“The single hardest thing to do in business is to make a deal, whether you’re buying or selling.”
Former SouthComm, Inc. COO Blair Johnson knew the magnitude of the task before him when, in November 2017, the company’s equity backer Solidus ousted CEO Chris Ferrell and indicated its desire to exit the publishing business within eight months.
“At that time, Solidus had decided they wanted to liquidate their position and get out of SouthComm,” Johnson tells Folio:. “[Managing partner] Vic Gatto and the board made a decision that we needed to do it, and do it quickly, and that Chris was probably not the right person to do it. He likes to buy and build, and it’s a different strategy when you have to liquidate.”
And so Solidus handed the company reins to Johnson—who took over as CEO—and CFO Bob Mahoney, and the pair immediately began the process of selling off a company that comprised alt-weeklies serving five different cities, a robust b2b media business, and hundreds of employees, among other assets.
In a b2b-media space characterized by frequent mergers and acquisitions, the circumstances may have felt a bit like déjà vu all over again for Johnson, who had arrived at SouthComm from Cygnus Business Media in 2015 after four years helping transition that company from bankruptcy to breakup.
“We essentially had eight different entities that we had to find a new home for,” Johnson continues. “Clearly, the biggest of these was the b2b assets from legacy Cygnus.”
The relative strength of SouthComm’s b2b business compared to the alt-weeklies—which operate in a notoriously difficult business environment—was likely to make it an easier asset to divest, but the timing was complicated by the b2b unit’s entrenchment in SouthComm’s overall corporate structure.
“The b2b was clearly the largest and most profitable component,” explains Johnson. “If that went first, the economic realities would have been much different, because the bulk of the shared services reside on the P&L of the b2b group.”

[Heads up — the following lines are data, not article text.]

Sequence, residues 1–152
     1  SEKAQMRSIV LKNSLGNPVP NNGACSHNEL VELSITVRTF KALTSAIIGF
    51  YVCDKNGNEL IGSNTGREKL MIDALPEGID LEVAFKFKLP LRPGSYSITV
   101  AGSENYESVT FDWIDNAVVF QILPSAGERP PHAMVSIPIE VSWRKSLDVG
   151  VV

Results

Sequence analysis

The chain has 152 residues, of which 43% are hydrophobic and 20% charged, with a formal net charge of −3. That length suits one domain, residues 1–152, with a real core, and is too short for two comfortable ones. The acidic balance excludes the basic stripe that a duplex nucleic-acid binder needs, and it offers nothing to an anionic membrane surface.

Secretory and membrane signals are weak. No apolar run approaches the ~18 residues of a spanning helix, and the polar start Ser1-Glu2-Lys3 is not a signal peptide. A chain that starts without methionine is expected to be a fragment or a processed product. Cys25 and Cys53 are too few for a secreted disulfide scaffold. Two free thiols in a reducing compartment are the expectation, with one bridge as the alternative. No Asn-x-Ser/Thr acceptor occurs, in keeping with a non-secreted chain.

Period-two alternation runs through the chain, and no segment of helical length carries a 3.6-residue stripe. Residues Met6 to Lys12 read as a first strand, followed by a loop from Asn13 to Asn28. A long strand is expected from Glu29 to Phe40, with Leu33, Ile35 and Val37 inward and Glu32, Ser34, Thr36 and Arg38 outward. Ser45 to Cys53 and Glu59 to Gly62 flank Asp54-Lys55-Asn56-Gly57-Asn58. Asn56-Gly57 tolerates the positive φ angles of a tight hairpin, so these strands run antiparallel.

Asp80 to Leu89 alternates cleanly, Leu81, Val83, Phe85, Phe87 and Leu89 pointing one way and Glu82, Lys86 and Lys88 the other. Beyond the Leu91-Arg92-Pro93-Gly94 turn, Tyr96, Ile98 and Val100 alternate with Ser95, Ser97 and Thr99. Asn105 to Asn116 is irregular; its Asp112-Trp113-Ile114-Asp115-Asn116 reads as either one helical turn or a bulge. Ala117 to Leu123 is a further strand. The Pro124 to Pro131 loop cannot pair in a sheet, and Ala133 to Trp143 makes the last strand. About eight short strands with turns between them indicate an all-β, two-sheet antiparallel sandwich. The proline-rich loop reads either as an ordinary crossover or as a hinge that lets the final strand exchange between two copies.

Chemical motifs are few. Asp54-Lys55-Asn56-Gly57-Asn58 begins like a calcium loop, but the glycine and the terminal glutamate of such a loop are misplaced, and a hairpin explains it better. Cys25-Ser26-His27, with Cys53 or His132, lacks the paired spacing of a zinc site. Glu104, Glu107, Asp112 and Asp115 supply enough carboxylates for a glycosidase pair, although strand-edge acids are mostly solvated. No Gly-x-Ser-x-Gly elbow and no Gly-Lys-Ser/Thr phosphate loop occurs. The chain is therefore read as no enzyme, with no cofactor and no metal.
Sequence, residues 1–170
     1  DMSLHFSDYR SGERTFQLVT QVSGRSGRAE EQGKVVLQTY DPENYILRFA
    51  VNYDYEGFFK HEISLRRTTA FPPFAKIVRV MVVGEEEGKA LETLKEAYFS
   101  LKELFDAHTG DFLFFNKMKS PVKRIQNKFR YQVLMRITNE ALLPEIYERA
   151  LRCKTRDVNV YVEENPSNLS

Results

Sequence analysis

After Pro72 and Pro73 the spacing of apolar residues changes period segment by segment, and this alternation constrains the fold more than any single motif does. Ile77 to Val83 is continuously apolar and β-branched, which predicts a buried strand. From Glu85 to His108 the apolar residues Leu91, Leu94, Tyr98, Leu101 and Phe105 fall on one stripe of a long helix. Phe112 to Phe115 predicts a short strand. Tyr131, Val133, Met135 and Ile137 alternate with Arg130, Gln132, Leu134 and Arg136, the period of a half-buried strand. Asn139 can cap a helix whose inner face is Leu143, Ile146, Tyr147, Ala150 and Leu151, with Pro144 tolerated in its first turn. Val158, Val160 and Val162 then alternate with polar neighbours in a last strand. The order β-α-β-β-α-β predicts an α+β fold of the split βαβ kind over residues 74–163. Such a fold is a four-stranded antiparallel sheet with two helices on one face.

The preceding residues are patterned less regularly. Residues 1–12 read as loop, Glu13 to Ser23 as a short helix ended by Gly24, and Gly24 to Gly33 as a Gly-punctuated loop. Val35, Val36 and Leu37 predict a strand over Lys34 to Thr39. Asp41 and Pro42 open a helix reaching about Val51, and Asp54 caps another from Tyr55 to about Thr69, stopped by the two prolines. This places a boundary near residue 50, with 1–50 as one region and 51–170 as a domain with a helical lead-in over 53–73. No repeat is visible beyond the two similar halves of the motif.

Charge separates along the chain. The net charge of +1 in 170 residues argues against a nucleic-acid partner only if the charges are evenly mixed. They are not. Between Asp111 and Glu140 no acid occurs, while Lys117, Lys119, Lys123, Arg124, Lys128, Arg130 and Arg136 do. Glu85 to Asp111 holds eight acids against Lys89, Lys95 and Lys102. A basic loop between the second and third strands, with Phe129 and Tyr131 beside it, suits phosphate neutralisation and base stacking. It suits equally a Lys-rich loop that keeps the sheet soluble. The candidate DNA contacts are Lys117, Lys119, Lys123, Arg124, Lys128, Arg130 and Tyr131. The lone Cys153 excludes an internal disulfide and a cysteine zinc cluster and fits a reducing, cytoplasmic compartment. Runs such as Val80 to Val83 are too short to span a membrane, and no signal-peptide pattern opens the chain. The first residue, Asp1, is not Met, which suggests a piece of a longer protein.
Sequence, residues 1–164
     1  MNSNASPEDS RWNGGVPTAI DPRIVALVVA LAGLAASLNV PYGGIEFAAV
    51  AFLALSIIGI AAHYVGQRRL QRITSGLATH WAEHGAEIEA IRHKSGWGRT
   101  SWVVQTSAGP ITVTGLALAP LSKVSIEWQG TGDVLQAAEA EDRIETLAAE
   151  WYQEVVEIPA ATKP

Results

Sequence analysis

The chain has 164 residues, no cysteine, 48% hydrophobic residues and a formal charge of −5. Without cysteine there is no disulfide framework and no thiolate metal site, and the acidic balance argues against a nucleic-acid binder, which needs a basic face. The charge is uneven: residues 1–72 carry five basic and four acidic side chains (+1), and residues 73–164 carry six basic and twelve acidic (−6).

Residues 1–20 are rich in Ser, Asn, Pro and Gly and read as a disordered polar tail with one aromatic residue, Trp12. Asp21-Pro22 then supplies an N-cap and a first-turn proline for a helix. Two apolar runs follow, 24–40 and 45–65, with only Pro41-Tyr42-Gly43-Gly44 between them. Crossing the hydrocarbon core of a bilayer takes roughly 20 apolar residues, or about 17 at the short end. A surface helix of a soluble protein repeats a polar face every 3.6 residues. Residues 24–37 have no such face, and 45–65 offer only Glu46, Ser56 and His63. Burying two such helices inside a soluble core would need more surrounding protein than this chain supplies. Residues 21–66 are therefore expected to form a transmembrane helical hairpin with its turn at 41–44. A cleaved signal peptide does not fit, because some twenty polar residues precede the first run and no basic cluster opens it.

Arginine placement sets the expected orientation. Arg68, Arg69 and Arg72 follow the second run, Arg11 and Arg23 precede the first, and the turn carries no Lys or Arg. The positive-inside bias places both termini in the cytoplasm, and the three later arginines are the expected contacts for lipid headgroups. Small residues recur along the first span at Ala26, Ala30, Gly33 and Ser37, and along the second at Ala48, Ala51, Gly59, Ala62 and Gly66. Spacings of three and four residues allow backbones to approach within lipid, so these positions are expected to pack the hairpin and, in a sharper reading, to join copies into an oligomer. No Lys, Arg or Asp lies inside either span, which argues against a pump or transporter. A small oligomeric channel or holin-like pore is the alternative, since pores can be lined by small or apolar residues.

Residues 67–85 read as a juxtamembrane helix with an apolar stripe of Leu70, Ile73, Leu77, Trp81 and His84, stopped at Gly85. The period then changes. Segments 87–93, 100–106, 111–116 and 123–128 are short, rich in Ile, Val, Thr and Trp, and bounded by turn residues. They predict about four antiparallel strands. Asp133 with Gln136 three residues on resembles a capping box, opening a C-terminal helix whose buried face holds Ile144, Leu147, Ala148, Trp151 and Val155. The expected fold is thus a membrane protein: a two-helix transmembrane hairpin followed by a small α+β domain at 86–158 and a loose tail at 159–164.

But the unit’s size also necessitated an inherently extended sale process, essentially providing Johnson and Mahoney with a hard deadline under which to complete all eight divestments.
Finding the Right Buyers
On the alt-weekly side, where SouthComm’s assets included papers like the Nashville Scene and Washington City Paper, Johnson says the brands’ publishers themselves were a useful source for identifying potential buyers in each local market.
The days of nationwide alt-weekly conglomerates like Village Voice Media are all but over, and unlike the b2b side of SouthComm, where Johnson says maximizing the value of the whole meant selling all of the disparate media brands to a single buyer, the alt-weeklies needed local buyers who recognized the critical role played by locally-sourced journalism.
“These are buyers who believe in the importance of journalism, as opposed to just the corporate aspect of it,” Johnson says. “For the Nashville buyers and the D.C. buyers, for example, this is their first foray into media, but they believe that it’s important to have that voice out there.”
Leveraging publishers at the brand-level and involving them in the sale process had the added benefit of maintaining trust and morale within the company by assuring staffers that the company had the best possible future for their brands (and jobs) at heart, given the extenuating circumstances around the expedited sale process.